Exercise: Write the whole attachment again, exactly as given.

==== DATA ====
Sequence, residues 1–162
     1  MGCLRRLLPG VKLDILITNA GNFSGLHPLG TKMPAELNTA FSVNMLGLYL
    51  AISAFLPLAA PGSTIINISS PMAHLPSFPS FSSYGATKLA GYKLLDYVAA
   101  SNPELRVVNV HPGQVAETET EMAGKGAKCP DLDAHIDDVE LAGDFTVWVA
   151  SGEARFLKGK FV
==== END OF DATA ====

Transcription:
Sequence, residues 1–162
     1  MGCLRRLLPG VKLDILITNA GNFSGLHPLG TKMPAELNTA FSVNMLGLYL
    51  AISAFLPLAA PGSTIINISS PMAHLPSFPS FSSYGATKLA GYKLLDYVAA
   101  SNPELRVVNV HPGQVAETET EMAGKGAKCP DLDAHIDDVE LAGDFTVWVA
   151  SGEARFLKGK FV